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Women's Health Testing

Bone Mineral Density Screening

Being female puts you at risk of developing osteoporosis.1


  • Of the estimated 10 million Americans with osteoporosis, about eight million or 80% are women
  • Approximately one in two women over age 50 will break a bone because of osteoporosis
  • A women’s risk of breaking a hip is equal to her combined risk of breast, uterine and ovarian cancer
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ACOG guidelines2 recommend bone density should be screened in postmenopausal women younger than 65 years if any of the following risk factors are noted:

  • Medical history of a fragility fracture
  • Body weight less than 127 lb.
  • Medical causes of bone loss (medications or diseases)
  • Parental medical history of hip fracture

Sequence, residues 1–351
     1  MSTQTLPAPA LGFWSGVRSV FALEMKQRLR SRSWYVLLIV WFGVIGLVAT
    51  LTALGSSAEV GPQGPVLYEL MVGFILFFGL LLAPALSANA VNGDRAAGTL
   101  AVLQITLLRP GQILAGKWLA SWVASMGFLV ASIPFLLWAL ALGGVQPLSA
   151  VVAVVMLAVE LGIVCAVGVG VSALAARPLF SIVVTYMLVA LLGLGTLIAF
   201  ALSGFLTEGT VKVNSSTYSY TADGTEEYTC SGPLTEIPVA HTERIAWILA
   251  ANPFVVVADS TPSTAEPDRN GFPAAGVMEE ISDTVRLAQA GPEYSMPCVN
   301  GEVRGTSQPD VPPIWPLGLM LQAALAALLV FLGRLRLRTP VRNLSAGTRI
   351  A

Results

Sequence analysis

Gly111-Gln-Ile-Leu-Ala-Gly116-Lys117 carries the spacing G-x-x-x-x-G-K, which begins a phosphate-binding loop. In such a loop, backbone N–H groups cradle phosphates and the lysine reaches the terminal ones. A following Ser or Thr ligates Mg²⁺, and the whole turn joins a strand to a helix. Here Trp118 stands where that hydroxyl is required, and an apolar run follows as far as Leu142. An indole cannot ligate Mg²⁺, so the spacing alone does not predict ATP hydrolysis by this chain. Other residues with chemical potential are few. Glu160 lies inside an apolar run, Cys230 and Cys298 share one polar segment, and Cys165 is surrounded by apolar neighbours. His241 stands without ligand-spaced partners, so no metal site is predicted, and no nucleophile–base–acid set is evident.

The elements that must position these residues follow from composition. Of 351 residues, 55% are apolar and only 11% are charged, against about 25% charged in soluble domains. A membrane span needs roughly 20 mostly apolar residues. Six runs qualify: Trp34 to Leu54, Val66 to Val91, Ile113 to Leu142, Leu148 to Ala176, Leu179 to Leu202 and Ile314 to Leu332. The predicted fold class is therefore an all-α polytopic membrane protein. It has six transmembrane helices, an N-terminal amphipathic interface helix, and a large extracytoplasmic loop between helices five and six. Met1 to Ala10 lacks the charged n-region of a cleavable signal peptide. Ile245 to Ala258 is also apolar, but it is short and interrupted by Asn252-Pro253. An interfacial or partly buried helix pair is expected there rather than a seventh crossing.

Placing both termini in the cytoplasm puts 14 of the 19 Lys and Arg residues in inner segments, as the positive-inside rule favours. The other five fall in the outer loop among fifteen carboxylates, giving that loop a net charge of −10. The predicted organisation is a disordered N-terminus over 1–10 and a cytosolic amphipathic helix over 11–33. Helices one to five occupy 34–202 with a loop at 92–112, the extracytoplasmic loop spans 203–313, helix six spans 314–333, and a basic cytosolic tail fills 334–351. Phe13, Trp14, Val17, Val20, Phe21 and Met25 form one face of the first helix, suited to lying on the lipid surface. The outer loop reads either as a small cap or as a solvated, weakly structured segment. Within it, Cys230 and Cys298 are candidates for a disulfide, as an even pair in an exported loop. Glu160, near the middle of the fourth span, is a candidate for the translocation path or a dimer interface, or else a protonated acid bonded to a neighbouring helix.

• Current smoker
  • Alcoholism
  • Rheumatoid arthritis

Vitamin D and Bone Health

For many years, clinicians have been aware of the link between vitamin D levels and bone health. In one study3 the authors correlated total hip bone mineral density by dual-energy X-ray absorptiometry to measured total vitamin D levels in 13,432 subjects enrolled in the NHANES III study. Their statistical analysis took into account sex, age, estrogen use and race/ethnicity. The authors observed a significant positive association between serum vitamin D levels and measured bone mineral density.

Labcorp offers several vitamin D tests that may be useful in certain clinical applications.


  1. National Osteoporosis Foundation. What women need to know. Accessed August 8, 2019. Available at https://www.nof.org/preventing-fractures/general-facts/what-women-need-t...
  2. American College of Obstetricians and Gynecologists. Well Women Recommendations. High-Risk Factors. Available at: https://www.acog.org/About-ACOG/ACOG-Departments/Annual-Womens-Health-Ca...
  3. Bischoff-Ferrari HA, Dietrich T, Orav EJ, Dawson-Hughes B. Positive association between 25-hydroxy vitamin D levels and bone mineral density: a population-based study of younger and older adults. Am J Med. 2004 May 1; 116(9):634-639